Bail denied to suspect in rape-slaying

March 08, 1994|By Dennis O'Brien | Dennis O'Brien,Sun Staff Writer

Alvin Winslow Gross is a regular at church, a Little League coach and a life-long resident of Shady Side, but he was denied bail yesterday after a prosecutor said he may face the death penalty if convicted of the rape and murder of an Annapolis woman last December.

Anne Arundel Circuit Judge Raymond G. Thieme Jr. said the possibility of the death penalty "far outweighs" any ties to the community that would ensure Mr. Gross' appearance for trial.

Mr. Gross, 20, of the 4800 block of Atwell Court is charged with the Dec. 19, 1993, rape and murder of Margaret Courson, 28, of the 100 block of Prince George St. Her partially clothed body was found alongside the 300 block of Leitch Road. She had died of multiple gunshot wounds.

"Is he a danger to others? The court is satisfied that he is," Judge Thieme said.

The ruling came at the end of a brief hearing sought by Mr. Gross' attorney, Peter O'Neill, to allow his client to remain free prior to the trial. No trial date has been set.

The hearing attracted about 100 of Mr. Gross' family, friends and neighbors from Shady Side.

"His life is here, his family is here," Mr. O'Neill said, arguing that his client would show up for trial.

Darnell Easton, who directs the youth ministry at Bethel Way of the Cross Church in Huntington, Calvert County, told the judge that Mr. Gross was a dependable leader of the church's youth.

"I feel very confident that this young man will be obedient to whatever (rules) you have," he said. "I put my trust in him."

Mr. O'Neill claimed to have learned that the prosecution's case rests largely on the word of Sidney Scott, an acquaintance who said he was with Mr. Gross at the time of the murder.

According to charging documents, Mr. Scott told police that Mr. Gross picked him up in Churchton early Dec. 19 and that Ms. Courson was in the back of his truck, apparently drunk.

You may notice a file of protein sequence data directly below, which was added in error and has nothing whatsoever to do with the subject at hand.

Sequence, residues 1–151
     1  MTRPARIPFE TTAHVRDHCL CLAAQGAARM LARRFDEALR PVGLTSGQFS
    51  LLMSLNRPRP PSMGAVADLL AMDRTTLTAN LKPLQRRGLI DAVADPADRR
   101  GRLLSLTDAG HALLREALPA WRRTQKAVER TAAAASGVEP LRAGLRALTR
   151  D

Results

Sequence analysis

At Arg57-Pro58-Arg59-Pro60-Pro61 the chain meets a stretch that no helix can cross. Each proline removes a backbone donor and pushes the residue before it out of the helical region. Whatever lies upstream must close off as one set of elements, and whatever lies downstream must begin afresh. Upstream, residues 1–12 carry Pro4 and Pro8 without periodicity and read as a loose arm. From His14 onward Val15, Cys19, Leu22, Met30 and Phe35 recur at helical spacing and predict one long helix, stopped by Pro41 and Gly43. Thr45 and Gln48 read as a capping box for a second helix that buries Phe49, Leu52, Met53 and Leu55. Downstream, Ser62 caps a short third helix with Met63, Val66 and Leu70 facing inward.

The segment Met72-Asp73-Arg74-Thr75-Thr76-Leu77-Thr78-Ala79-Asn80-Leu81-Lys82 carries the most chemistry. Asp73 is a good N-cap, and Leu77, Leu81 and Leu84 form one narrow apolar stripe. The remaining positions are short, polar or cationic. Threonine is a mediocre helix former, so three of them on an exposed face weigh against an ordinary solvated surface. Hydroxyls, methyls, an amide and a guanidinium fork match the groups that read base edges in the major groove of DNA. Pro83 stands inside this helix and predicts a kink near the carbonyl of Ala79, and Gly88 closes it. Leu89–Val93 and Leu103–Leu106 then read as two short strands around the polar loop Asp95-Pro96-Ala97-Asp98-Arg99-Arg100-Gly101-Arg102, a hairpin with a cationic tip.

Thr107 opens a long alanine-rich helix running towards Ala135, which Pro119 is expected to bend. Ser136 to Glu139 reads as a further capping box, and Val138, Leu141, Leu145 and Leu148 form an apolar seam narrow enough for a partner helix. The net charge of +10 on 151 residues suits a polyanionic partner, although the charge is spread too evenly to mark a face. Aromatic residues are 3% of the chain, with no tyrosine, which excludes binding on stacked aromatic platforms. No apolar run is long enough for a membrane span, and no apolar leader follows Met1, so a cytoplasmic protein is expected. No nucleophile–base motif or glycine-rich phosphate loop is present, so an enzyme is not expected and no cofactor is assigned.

After he raped her in the truck, Mr. Gross drove to the 300 block of Leitch Road, where he ordered Ms. Courson out of the truck and followed her, the documents say.

Mr. Scott said he heard several gunshots before Mr. Gross got back into the truck and asked Mr. Scott if he thought he had killed Ms. Courson, according to the documents.

But Mr. Scott did not report the incident until two weeks later, Mr. O'Neill noted. "I would suggest to the court that Mr. Scott is extremely suspect," he said.

Assistant State's Attorney Cynthia M. Ferris said the evidence includes Mr. Gross' admissions to others of his involvement in the murder, the victim's fingerprint on his truck and DNA samples from the crime scene that still are being tested.

She also said State's Attorney Frank R. Weathersbee has yet to rule out the death penalty. With that possibility hanging over Mr. Gross, "the risk of flight is enormous," she said. "The community support doesn't help him if he's facing death, or life without parole."

Judge Thieme said he would reconsider the bail request after a decision is reached on the death penalty and after results of the DNA tests are completed.

Baltimore Sun Articles
|
|
|
Please note the green-lined linked article text has been applied commercially without any involvement from our newsroom editors, reporters or any other editorial staff.